HYBRID EVENT: You can participate in person at Paris, France or Virtually from your home or work.

6th Edition of World Congress on Infectious Diseases

June 24-26, 2024 | Paris, France

June 24 -26, 2024 | Paris, France
Infection 2024

Nikki Kasal

Speaker at Infectious Diseases Conference - Nikki Kasal
University of Chicago Pritzker School of Medicine, United States
Title : Designing a pre-exposure prophylaxis (PrEP) training for providers to increase PrEP awareness and prescription for black cisgender women


Background: Awareness and uptake of HIV pre-exposure prophylaxis (PrEP) remains low among Black/African American cisgender women at risk for HIV acquisition. Primary care appointments present a valuable opportunity for introducing PrEP to clients; however, primary care providers (PCPs) report minimal comfort level and low familiarity with PrEP. Ensuring PCPs are properly trained on PrEP is crucial as increased PrEP knowledge is associated with higher rates of PrEP prescription and future intent to prescribe. We conducted focus groups with medical providers at community health centers (CHCs) across the Southern and Midwestern United States to identify themes informing the content, design, and delivery of a PrEP provider education aiming to increase PrEP utilization among Black women. 

Methods: Focus group discussions occurred with providers at three healthcare organizations in the Midwest and South from August 2022 to February 2023. Providers were asked for input on content and design of provider education regarding PrEP and feedback on preliminary visuals and case scenarios. Transcripts underwent rapid qualitative content analysis using the Stanford Lightning Report Method via Dedoose software. Emergent themes were identified and presented under the domains of the Consolidated Framework for Implementation Research (CFIR).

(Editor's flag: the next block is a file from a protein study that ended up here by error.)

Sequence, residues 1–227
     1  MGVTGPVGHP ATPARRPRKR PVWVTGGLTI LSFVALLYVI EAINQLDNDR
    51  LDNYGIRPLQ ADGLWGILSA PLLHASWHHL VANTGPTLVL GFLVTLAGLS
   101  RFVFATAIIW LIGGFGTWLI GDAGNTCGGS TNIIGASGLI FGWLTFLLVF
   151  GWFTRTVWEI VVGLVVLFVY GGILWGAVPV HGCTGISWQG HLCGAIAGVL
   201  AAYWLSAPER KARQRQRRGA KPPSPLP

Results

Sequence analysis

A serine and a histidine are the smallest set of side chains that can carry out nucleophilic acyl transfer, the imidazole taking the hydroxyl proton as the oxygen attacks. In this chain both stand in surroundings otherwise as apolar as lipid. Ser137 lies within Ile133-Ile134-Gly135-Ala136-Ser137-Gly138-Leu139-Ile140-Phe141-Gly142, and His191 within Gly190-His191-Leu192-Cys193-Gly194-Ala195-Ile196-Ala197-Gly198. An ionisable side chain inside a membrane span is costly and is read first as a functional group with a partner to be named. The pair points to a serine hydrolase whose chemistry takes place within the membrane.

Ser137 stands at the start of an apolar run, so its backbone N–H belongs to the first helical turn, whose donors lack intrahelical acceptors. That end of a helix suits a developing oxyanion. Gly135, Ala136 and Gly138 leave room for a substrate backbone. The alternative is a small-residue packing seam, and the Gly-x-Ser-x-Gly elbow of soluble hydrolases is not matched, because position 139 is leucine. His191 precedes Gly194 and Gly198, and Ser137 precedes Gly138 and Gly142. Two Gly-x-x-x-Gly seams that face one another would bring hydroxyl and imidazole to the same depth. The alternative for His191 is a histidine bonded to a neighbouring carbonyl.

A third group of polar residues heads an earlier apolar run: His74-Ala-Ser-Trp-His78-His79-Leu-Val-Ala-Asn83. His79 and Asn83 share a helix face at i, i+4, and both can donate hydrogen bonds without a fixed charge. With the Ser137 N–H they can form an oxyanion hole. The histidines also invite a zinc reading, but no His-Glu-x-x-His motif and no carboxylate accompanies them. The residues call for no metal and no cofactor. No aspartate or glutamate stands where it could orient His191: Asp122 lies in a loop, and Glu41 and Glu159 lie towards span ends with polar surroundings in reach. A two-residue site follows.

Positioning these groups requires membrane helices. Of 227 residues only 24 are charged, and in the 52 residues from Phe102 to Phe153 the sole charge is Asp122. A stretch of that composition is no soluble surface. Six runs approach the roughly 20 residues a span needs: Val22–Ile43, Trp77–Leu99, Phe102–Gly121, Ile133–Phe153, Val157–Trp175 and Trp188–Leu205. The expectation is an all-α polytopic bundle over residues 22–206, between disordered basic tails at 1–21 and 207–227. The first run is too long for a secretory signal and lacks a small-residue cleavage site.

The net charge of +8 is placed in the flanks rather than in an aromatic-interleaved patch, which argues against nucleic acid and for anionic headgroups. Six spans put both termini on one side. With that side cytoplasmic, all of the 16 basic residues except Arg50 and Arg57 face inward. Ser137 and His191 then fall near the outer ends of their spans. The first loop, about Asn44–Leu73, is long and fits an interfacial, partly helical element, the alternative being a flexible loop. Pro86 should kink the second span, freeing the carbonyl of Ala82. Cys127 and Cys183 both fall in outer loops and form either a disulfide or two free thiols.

Results: 10 providers (n=10) completed four focus groups. Themes emerged related to the individual characteristics of providers (limited PrEP knowledge, low comfort initiating PrEP discussions), the outer setting of client needs (perceptions of provider bias in identifying women who are at risk for HIV, varying levels of HIV risk self-perception), and attributes of the inner setting (need for support from the implementing center). Key opportunities were identified to maximize the benefit of training material, design, and delivery (i.e., developing specific case scenarios to enhance providers’ cultural competency with Black women and their overall knowledge regarding PrEP).

Conclusion: A comprehensive PrEP training for providers should feature a combination of didactic material and interactive role-plays to equip providers with knowledge relevant to PrEP prescription for women while building their comfort initiating PrEP discussions with clients. Centers should implement effective and sustainable initiatives to support providers in prescribing PrEP following training completion, such as sharing updated PrEP guidelines and creating quick reference guides.


Nikki Kasal received her Bachelor of Arts in Biological Sciences from the University of Chicago in 2021. She currently attends the University of Chicago Pritzker School of Medicine and will receive her MD in 2026.